Private fostering

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Private fostering is when a child under 16 (or under 18 if they are disabled) is living with someone who is not a close relative for 28 days or more.

This might be a friend, a great aunt, a cousin or someone else known to the child. A close relative is defined as a grandparent, aunt, uncle, brother or step-parent by marriage.

Many parents who have arranged for someone else to care for their child don’t realise that they have entered into a private fostering arrangement.

By law, parents and carers must notify their local authority if they have a private fostering arrangement in place. This is to keep vulnerable children safe and support families.

The following are examples of the type of situations where children and young people that might be involved in private fostering arrangements:

  • Their parents are in ill health.
  • They're from overseas and are visiting Britain for education or health care reasons.
  • They're living with a friend's/boyfriend's/girlfriend’s family as a result of parental separation, divorce or arguments at home.
  • Their parents work or study long or anti-social hours.
  • They're on school holiday exchanges that last more than 28 days.
  • They're on sports or music sponsorships and living away from their families.

As a local authority, it is our legal duty to make sure all private fostering arrangements are safe for the child or young person. Once we're informed of the arrangement, we check the suitability of private foster carers, make regular visits to the child or young person and ensure advice, help and support is available when needed.

Private foster carers are legally required to notify their council, but many do not know they have to. This means that we are often unable to check whether the child is being properly cared for.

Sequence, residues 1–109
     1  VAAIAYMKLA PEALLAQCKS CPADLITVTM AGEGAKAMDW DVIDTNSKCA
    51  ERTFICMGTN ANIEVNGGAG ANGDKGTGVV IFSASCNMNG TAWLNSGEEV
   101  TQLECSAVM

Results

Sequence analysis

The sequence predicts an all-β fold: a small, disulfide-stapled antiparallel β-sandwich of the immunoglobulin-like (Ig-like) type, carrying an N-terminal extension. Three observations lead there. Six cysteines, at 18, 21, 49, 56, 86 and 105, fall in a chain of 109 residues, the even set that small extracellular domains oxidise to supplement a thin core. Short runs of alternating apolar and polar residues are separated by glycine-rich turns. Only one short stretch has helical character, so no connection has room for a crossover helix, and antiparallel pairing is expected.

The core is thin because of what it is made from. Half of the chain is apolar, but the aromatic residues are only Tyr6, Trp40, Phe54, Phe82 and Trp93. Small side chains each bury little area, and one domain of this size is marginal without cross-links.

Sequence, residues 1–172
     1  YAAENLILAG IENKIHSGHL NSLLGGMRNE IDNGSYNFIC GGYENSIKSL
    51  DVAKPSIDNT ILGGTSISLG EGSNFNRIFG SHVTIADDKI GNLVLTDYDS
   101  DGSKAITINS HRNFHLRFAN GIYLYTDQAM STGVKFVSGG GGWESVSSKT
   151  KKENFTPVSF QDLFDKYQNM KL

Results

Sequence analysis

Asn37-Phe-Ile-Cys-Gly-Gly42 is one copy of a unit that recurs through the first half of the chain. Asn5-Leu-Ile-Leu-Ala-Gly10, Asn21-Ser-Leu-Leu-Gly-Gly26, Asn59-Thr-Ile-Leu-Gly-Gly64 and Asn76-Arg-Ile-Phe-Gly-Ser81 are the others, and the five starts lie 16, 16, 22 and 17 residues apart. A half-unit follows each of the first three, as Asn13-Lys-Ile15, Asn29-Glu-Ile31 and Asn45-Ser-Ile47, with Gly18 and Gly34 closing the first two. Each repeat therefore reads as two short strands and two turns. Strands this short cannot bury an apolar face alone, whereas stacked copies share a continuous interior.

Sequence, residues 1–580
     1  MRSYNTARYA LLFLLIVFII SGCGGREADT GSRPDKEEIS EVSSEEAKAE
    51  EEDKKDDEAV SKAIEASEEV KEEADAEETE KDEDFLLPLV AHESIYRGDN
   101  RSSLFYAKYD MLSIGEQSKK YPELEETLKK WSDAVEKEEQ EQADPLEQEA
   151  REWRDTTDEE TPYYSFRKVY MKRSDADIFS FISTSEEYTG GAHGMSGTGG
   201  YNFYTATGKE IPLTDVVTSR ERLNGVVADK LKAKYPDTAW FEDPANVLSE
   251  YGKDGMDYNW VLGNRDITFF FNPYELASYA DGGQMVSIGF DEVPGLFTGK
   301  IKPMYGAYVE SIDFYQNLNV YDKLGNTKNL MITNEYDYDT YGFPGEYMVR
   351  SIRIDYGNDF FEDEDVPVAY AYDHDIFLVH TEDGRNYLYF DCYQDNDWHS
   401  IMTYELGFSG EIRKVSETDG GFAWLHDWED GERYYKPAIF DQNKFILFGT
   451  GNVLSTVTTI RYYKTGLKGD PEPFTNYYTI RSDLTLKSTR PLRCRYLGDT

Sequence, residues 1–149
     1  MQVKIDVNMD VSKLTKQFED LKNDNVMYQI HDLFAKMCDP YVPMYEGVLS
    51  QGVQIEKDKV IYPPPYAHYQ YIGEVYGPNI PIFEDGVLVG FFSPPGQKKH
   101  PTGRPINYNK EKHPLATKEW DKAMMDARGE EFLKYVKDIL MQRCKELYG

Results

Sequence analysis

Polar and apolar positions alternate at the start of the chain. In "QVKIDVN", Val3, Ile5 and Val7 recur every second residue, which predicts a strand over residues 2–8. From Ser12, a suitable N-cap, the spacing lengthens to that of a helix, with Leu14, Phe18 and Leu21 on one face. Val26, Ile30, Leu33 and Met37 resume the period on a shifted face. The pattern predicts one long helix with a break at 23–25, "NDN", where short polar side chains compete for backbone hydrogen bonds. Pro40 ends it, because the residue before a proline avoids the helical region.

It is vital that our private fostering team is aware of such arrangements, so that they can safeguard and promote the welfare of potentially vulnerable children.

Education, health and social care professionals play an important role by either:

  • explaining to the relevant adults with parental responsibility their duty to notify us, or
  • make a referral on behalf of the family

Even though a parent may make a private arrangement with another family, we, as a local authority, have a legal responsibility to ensure their child is safe and well cared for.

If you are thinking of placing your child in a private fostering arrangement, you must tell us at least six weeks before the arrangement starts.

In the case of an emergency placement that's expected to last longer than 28 days, you must tell us within 48 hours of the arrangement beginning.

If the arrangement has already started, you must contact us immediately.

It is an offence not to inform your local authority about a private fostering arrangement.

We will work together with the child or young person, the parents and the private foster carers to ensure that the best possible arrangements are in place for the child or young person.
This includes:

  • Arranging for a social worker to support the child/young person and their carer(s).
  • Regularly visiting the child/young person and listening to what they want.
  • Providing advice on benefits and other community or local services.
  • Assessing the suitability of the carer(s). If the arrangement is deemed unsuitable, we will work with parents or those with parental responsibility to ensure the best plan for the child is in place.
  • Helping to ensure that the child/young person is safe and well cared for and that their cultural needs are being met.

As a private arrangement, decision making responsibilities remain with parents or those with parental responsibility. However, as the primary carer for the child you would be expected to:

  • provide a safe and caring place for the child/young person to live
  • arrange appropriate medical and dental care for the child/young person in consultation with parents or those with parental responsibility
  • make sure for the child/young person attends school regularly and that they receive appropriate educational opportunity to meet their full academic and social potential
  • support the child/young person to maintain relationships with their friends and family where this is possible
  • work together with the professionals involved with the child/young person

To notify us of a private fostering arrangement in Swindon, please contact us on 01793 466903 or email

Information leaflets are available for children and young people, parents, private foster carers and host families. If you would like copies of the leaflets or posters, which are available in different languages, please email



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